Years ago, when our two girls were still living at home and accompanying us on the occasional summer hiking adventure, we bought them each a small emergency whistle. I don't think they cost more than couple of bucks, and maybe less. As you can imagine, the girls drove us nuts for a few minutes in the car with those whistles, and then promptly forgot them.
Years later, P found them again. He's a big believer in whistles, and so when we started to do more hiking on our own, he fbrought them out. M wears one tied to the shoulder strap of her pack, and P carries his in the camera case he wears on his belt. We forget about them most of the time. The don't weigh anything, and they are now just part of our equipment.
But twice in the past three years those whistles have come in very handy. The first time was on a day hike in the middle of a pack trip. We were following a rather sketchy trail up a lonely canyon, and there were all sorts of side trails and use trails to confuse us.
Now P always hikes faster than M, so he was ahead...and realized that he hadn't seen M for a while. We do try to keep some kind of visual contact as we go, but when turned around to look. there was no sign of M. And no sign was not a good sign. So he hiked back a hundred yards more or so. Still no M. And then he began to get worried, and noticed all the use trails, and realized that:
1. We were an hour away from camp, and we had not really talked about where or how long we were going to hike.
2. We were up a canyon six miles from the nearest trailhead.
3. We might not have been lost, but niether of us knew where the other one was....and niether of us knew to go forward or back to start searching.
Not a good scenario.
So P started yelling for M. No answer. None.
The scenario just got worse.
And then he remembered the whistle. And sure enough, he blew it twice, and then waited. After a few seconds, he heard an answering whistle, coming not from above him as he expected, but from underneath the bluff he was standing on. And within minutes, we were back together again, and hiking away. Greatly relieved.
All of this came to mind last week, when we were hiking a lightly used trail in the Hoover Wilderness. At one point the trail gets quite confused, and P waved to M at that point, to tell her he was taking the lower trail. But when M got to that point, she was confused. And she remembered her whistle--and started to blow.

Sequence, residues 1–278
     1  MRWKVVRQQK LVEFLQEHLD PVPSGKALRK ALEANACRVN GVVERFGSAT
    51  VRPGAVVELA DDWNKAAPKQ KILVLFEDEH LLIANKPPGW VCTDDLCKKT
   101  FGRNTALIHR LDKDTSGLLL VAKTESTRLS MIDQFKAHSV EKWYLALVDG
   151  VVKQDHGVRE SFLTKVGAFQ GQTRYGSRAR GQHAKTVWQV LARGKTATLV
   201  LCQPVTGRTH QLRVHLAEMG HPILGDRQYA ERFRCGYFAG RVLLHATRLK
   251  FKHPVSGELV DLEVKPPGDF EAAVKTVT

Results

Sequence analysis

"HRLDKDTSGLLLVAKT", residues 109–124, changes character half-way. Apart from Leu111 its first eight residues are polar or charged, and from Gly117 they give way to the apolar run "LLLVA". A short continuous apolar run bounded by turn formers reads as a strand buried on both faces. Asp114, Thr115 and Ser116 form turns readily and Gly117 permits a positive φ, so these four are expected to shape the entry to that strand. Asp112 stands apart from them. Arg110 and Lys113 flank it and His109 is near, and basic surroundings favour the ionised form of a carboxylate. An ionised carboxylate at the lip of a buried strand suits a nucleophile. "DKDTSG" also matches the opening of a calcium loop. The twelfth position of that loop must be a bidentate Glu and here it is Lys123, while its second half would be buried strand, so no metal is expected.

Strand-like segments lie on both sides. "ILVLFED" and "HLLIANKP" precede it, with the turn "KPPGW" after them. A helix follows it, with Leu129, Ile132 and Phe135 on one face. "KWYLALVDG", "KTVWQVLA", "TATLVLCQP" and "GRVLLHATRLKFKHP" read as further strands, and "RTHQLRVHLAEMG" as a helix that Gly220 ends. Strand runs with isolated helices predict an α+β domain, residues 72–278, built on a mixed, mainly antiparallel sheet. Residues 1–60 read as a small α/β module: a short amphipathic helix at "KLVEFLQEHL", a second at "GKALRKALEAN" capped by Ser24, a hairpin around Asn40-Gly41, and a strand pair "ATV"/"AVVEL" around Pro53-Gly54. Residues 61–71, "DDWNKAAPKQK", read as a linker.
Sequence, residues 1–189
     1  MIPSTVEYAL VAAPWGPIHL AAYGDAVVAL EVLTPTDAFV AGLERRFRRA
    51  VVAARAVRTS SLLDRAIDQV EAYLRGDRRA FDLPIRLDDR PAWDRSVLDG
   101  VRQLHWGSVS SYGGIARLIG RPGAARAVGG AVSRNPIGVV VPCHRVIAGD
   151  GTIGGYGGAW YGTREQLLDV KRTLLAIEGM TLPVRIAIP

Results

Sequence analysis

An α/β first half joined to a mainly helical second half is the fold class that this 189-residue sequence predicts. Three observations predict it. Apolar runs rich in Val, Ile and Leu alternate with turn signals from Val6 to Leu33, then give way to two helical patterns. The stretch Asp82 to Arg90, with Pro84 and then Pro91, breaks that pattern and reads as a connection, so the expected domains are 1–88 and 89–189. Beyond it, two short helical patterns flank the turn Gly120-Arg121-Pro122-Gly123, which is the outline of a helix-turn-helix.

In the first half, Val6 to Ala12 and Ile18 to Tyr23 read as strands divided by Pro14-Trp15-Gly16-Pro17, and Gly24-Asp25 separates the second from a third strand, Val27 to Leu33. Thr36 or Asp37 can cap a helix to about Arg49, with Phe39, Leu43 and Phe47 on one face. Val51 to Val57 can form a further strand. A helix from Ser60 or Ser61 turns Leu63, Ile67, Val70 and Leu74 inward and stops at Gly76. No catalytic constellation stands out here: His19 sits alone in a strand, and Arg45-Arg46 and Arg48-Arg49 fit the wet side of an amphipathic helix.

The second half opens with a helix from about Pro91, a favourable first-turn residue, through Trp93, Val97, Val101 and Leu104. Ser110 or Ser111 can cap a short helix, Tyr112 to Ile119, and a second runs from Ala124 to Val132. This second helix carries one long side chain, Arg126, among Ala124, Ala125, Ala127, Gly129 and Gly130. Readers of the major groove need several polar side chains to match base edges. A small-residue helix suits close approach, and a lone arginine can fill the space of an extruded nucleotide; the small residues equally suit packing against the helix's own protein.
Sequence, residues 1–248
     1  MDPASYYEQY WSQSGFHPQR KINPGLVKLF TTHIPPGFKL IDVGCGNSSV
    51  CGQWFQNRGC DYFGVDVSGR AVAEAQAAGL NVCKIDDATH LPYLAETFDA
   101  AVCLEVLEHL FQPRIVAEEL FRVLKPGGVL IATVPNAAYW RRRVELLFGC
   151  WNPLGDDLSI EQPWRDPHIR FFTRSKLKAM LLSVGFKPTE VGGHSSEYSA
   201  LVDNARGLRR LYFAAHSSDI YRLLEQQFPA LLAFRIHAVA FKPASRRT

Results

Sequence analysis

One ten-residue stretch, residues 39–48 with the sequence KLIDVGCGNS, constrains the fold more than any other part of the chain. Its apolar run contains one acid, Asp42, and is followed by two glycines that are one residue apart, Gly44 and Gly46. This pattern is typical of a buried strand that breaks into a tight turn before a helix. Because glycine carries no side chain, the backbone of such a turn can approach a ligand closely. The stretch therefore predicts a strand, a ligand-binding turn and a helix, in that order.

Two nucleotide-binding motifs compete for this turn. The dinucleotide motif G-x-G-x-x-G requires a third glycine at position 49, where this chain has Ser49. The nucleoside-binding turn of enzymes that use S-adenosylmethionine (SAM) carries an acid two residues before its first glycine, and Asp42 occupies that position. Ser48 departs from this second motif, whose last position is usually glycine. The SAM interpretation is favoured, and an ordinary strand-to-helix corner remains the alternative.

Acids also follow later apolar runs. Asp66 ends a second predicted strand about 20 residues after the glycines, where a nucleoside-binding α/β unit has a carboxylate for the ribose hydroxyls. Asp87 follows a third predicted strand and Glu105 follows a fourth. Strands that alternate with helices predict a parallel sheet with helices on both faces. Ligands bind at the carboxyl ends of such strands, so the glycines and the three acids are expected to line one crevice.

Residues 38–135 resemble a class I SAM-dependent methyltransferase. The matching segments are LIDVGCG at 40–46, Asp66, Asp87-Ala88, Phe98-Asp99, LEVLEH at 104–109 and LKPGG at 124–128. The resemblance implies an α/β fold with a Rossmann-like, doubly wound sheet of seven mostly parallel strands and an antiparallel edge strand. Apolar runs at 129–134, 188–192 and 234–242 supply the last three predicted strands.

Which was perfect, except she didn't wait for a response, she just kept blowing away. Which P interpreted to mean that she was in some kind of serious trouble. And he sprinted back up to trail to save her from ...well. All's well that ends well.
And in the wilderness, there really is no substitute for whistle.
And in the wilderness, there really is no substitute for whistle.
Well, not to disagree politely, but I will. There is a substitute - If you're actually intending to be together, then stay together - don't one of you decide to go rushing off, and only think about it once you can't find the other one.
Both scenarios show a bit of a lack of thinking ahead - and had you been sligthly further out of reach, (so the whistle wouldn't be heard) you'd then be saying you'd have needed a two way radio, etc.
Similarly "interpreting it to mean you are in serious trouble" - if you're going to use an audio signal don't interpret - agree ahead of time and stick to it. (i.e. three blasts 15 seconds apart means trouble - answer that with one blast)
Never can hurt to bring a whistle (have one built into my pack on sternum strap...I think this is becoming common). And I have to agree with the above post...luckily both situations turned out ok but I'm pretty sure there's a step in the LNTB guidelines about planning ahead...seems like neither situation was planned out well.
Loc: Meadow Valley, CA
We used whistles a year ago on a snow trip. Coming out, we all spread out and the trails all took off here and there by people making their own way in. We located the one lady in short order. Hard to decide which trail to take as they all looked to have the same amount of traffic.
Loc: Puget Sound, Washington
I always carry a whistle, especially canoeing, because you can whistle louder than you can yell. And despite the criticisms of the others, I recognize a whistle as a piece of emergency equipment in the event the best laid plans go awry. Try to use a ball-less whistle. Those little things can get lost and then the whistle is useless (kinda like having a spare tire in the trunk of the car that is flat.)
A whistle is one of my 'essentials'. All our kayak vests have a knife and big whistle. A whistle will cut through whitewater noise better than screaming your head off. A whistle will save your vocal cords when you call for help. I can send morse code on a whistle and have!
However, Phat is right. Don't EVER separate unless you file exact flight plans with each other and even then, it's best to not separate out in the boonies.
I am really "old school" about keeping a group together. So I agree with Phat. There appears to be a new trend of "casual groups" that just meander down the trail each to his own. There no longer is a "leader". Sort of like herding cats. I do not go out with or take people with me anymore who do not agree to stick together. I am a die-hard "trail mother" and am highly anxious when I cannot count all my "trail chicks"! I carry a whistle when solo because I cannot scream very loud. I have also blown my whistle when I heard a bear outside my tent. Not sure if it did any good at all.
When leading a group, we certainly follow that plan--although we will have one person in the lead, and another "leader" at the back...allowing people to hike at their own pace in between.